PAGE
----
The Federal Trade Commission (FTC) submitted comments supporting the Food and Drug Administration’s (FDA) guidance for assessing whether a pharmaceutical company petitioner is misusing the citizen petition process to delay approval of a competing drug.

WHAT HAPPENED:

  • The FDA released revised draft guidance intended to discourage pharmaceutical companies from gaming the citizen petition process.
  • The

WHAT HAPPENED

On July 18, 2018, US Food and Drug Administration (FDA) Commissioner Scott Gottlieb delivered a speech at The Brookings Institution in Washington, DC, discussing how to bolster competition from biosimilars while maintaining innovation.

The Commissioner noted the absence of true competition among biologics from biosimilar products in the United States, similarly to what the country experienced 30 years ago with respect to generics. The Commissioner said that this situation is caused, in part, by what he views as anticompetitive practices implemented by branded manufacturers, such as:

  • Rebating schemes in which drug manufacturers bundle discounts to health insurers and employers across different pharmaceutical products;
  • Multi-year contracts granting important rebates to payors, often entered into right before the entry of a biosimilar on the market;
  • Volume-based rebates;
  • Tying rebates, i.e., when rebates are offered if a product is bought together with a biologic;
  • Patent thickets, i.e., when branded manufacturers’ own dense portfolios of overlapping intellectual property rights cover biologics; and
  • Bundling biologics with other products, i.e., when a product is sold together with a biologic.


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The Federal Trade Commission (FTC) continues to aggressively enforce the antitrust laws. On April 27, 2016, the FTC took action against Victrex, plc and its wholly owned subsidiaries, Invibio, Inc. and Invibio Limited (collectively, Invibio) because of exclusivity terms in its supply contracts. The consent order requires Invibio to cease and desist from enforcing most of the exclusivity terms in its current supply contracts and generally prohibits Invibio from requiring exclusivity in future contracts. Invibio is also prohibited from using other pricing strategies, such as market-share discounts, that would effectively result in exclusivity.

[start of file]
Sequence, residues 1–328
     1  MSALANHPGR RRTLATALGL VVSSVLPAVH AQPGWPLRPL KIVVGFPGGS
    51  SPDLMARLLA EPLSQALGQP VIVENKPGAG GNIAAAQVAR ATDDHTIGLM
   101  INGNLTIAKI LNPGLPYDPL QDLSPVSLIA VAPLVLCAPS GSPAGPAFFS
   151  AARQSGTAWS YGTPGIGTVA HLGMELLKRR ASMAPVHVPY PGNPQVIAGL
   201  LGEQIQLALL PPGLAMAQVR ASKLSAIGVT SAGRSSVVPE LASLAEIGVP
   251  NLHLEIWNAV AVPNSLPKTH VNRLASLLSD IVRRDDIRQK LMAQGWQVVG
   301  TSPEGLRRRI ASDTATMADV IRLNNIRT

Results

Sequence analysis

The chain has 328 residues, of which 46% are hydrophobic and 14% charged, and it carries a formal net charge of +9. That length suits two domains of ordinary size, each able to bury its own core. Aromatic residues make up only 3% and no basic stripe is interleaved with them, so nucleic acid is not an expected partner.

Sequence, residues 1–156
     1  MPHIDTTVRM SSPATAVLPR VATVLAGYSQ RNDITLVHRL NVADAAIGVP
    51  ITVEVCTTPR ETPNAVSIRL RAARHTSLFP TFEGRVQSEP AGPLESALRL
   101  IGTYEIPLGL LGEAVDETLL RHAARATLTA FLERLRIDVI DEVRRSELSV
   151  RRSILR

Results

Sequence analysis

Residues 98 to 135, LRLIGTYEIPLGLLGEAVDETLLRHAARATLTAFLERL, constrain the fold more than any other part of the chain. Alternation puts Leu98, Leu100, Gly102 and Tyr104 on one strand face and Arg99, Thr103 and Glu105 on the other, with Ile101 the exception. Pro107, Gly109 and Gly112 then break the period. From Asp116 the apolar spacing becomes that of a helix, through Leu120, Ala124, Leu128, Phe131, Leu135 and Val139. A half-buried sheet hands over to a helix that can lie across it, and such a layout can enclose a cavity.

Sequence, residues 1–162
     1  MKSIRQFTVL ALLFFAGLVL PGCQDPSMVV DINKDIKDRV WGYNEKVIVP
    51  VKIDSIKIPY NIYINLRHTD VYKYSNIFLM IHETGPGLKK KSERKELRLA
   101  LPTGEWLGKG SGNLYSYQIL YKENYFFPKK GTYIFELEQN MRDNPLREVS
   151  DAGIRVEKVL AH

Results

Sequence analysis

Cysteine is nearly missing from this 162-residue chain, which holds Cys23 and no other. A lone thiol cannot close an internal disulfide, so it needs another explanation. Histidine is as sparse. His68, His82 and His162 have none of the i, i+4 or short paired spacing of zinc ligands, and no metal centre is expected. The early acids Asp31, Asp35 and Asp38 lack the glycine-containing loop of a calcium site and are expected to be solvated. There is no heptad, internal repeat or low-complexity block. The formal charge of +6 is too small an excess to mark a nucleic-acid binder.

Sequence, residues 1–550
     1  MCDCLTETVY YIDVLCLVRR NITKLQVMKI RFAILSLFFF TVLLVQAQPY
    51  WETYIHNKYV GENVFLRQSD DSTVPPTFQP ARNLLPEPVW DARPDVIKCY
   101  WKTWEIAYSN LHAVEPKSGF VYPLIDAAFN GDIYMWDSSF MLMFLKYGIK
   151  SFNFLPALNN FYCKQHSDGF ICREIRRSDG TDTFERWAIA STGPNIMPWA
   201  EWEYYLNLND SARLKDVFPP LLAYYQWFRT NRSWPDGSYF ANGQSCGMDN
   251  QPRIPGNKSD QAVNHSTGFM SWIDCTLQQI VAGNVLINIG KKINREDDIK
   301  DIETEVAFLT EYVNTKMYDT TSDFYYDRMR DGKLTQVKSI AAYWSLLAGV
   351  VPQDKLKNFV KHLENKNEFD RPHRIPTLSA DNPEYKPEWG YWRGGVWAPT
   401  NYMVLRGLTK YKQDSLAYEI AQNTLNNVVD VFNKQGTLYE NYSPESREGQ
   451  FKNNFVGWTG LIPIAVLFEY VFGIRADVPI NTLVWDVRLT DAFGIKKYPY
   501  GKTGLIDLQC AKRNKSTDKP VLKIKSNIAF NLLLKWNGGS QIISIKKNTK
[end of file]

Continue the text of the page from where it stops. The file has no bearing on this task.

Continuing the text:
Exclusive dealing by a monopolist may be challenged and prohibited when the acts allow the monopolist to maintain its monopoly power. Total foreclosure is not a requirement for unlawful exclusive dealing—it simply must foreclose competition in a substantial share of the relevant market so as to adversely affect competition.

The FTC’s complaint alleged that Invibio’s exclusive dealing provisions in its customer contracts foreclosed a substantial share of the market from two entrants despite those entrants offering a similar product at lower prices. In addition to using exclusivity terms in its long term supply contracts to impede its competition and maintain its monopoly power in the worldwide market for implant-grade polyetheretherketone (PEEK), the FTC complaint also alleged that Invibio used strategies to “coerce or induce device makers to accede to exclusivity terms, including threatening to discontinue PEEK supply or to withhold access to regulatory support.”
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On Thursday, August 14, 2014, several physicians wrote a letter to Commissioner Hamburg of the U.S. Food and Drug Administration (FDA) expressing their concerns regarding the naming of biosimilar products in light of the implementation of the Biologics Price Competition and Innovation Act (BPCIA).

Unlike traditional small-molecule prescription drugs, most biologics are complex and are